The Joboji Urushi Forest Undergoing Repeated Regeneration
The Joboji Lacquer Forest is located in Myoujinzawa, Joboji-machi. It is a lacquer forest where lacquer tapping is still practiced and is a recommended spot for tourists to visit freely.
The lacquer from Joboji is known for its smoothness and high quality and has been used to restore valuable cultural assets such as the Yomei-mon gate of Nikko Toshogu Shrine, Futarasan Shrine, and Rinnoji Temple. Since 2006, the Agency for Cultural Affairs has designated areas where plant materials are produced as Hometown Forests of Cultural Properties to ensure a stable supply of materials for conservation and repair. The Joboji Lacquer Forest was registered as the first such forest on March 27, 2007, covering an area of approximately 4 hectares and 4,000 lacquer trees.
It is difficult to increase the number of lacquer trees unless they are planted. First, seeds are collected and germinated to make saplings. After the saplings are grown in the nursery, they are replanted in the mountains, where the underbrush is cleared and they grow for 15 to 20 years. When it grows to a thickness of about 15 cm, it is finally at the stage where lacquer can be collected. The lacquer tapping process takes place over six months from June to early November, and only approximately 200 grams of lacquer can be extracted from each tree, which is called “a drop of blood” and is treated with great care.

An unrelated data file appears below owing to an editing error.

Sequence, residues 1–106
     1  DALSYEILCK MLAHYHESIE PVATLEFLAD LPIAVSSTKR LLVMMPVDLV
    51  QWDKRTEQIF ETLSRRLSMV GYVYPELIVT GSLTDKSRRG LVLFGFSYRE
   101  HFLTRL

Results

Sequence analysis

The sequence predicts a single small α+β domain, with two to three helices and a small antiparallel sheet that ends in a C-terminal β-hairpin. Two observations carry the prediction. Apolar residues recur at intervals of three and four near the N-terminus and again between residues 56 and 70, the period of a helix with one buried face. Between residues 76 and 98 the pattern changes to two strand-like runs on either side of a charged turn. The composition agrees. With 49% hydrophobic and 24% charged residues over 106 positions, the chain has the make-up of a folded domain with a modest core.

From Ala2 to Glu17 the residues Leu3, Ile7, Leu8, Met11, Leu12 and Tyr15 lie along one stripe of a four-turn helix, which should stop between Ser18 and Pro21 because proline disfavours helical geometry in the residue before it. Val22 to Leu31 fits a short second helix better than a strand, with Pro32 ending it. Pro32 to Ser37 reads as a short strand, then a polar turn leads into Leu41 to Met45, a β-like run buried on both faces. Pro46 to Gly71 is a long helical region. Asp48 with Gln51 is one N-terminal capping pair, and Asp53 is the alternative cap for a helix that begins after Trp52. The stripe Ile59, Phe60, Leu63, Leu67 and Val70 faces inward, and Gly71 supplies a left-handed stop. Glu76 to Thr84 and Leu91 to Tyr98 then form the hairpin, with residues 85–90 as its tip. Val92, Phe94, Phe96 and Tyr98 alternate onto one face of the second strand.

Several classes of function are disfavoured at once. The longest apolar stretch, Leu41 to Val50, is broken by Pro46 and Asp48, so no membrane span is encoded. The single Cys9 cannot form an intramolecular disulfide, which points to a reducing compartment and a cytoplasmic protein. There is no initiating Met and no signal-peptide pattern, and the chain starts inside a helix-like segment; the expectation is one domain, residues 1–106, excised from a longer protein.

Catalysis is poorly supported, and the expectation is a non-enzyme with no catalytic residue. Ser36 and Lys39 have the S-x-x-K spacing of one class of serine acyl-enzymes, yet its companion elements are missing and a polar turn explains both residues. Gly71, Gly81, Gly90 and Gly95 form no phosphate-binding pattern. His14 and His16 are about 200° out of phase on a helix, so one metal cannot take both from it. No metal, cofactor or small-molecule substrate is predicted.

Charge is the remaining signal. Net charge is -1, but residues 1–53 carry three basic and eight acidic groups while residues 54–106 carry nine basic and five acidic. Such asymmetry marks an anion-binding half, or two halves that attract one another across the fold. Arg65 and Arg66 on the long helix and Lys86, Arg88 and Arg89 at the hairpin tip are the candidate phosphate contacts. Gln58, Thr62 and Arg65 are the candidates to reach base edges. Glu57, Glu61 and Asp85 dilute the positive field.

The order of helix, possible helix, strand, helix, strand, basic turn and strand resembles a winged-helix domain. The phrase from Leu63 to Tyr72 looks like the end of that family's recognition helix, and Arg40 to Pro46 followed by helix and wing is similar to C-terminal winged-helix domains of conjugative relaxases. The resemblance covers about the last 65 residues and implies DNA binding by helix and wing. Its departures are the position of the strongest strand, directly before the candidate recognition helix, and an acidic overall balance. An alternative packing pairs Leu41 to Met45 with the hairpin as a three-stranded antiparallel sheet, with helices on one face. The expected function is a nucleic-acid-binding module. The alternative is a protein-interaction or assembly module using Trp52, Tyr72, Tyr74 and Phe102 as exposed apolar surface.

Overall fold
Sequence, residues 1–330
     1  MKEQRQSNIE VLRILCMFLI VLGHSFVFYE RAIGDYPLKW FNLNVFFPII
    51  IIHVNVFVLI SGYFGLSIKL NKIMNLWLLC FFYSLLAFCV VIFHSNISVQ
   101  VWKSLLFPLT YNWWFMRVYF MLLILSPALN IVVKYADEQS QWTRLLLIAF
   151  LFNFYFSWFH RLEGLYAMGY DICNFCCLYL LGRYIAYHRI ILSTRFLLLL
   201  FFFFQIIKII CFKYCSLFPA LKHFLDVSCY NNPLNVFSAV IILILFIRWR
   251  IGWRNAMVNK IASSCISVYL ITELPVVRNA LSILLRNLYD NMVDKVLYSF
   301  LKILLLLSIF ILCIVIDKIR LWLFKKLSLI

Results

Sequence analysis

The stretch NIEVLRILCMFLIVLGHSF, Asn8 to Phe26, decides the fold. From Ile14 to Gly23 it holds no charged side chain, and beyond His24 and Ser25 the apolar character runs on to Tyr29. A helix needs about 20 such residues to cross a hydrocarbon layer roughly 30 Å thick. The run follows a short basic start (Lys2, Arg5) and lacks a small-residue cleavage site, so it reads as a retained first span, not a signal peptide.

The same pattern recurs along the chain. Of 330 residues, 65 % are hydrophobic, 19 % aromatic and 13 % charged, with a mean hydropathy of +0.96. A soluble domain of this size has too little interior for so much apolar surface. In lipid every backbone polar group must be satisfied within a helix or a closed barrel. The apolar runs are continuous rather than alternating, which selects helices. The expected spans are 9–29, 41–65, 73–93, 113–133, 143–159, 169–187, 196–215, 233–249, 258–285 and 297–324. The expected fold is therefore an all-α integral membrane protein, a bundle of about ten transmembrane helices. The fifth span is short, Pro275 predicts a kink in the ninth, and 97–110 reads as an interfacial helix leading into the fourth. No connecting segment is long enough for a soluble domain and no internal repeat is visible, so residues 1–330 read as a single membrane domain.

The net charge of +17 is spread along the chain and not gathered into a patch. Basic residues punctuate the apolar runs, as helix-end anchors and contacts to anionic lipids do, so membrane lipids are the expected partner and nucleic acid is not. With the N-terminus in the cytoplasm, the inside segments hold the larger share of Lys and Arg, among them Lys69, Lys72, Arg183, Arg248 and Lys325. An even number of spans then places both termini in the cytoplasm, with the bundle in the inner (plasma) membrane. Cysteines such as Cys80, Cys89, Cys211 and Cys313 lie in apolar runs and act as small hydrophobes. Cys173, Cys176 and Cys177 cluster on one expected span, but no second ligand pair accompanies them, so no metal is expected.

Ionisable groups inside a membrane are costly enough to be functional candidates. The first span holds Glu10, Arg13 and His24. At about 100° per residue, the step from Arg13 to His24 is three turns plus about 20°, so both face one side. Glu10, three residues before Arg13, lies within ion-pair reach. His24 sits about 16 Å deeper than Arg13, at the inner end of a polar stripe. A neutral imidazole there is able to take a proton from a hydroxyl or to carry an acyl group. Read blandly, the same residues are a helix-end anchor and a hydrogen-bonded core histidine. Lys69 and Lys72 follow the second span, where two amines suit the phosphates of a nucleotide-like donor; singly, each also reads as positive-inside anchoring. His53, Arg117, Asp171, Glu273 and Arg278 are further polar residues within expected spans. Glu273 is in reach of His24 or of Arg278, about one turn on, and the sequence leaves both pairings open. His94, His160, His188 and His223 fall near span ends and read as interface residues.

In 2015, the Agency for Cultural Affairs announced that domestic lacquer is to be used for the restoration of Japan’s national treasures and important cultural properties. Since then, the number of lacquer tappers in the Joboji area has doubled from about 20 to 40, and the amount of lacquer collected is gradually increasing. In addition, in December 2020, the lacquer tapping technique was registered as a UNESCO Intangible Cultural Heritage as a traditional technique for handing down wooden structures.
If you are lucky, you may come across a lacquer forest during the lacquer tapping season. Even during the off-season, you can get a feel of the lacquer tapping process by looking at the scratches on the trees and the traces of sap that have flowed down.
Photo provided by Ninohe City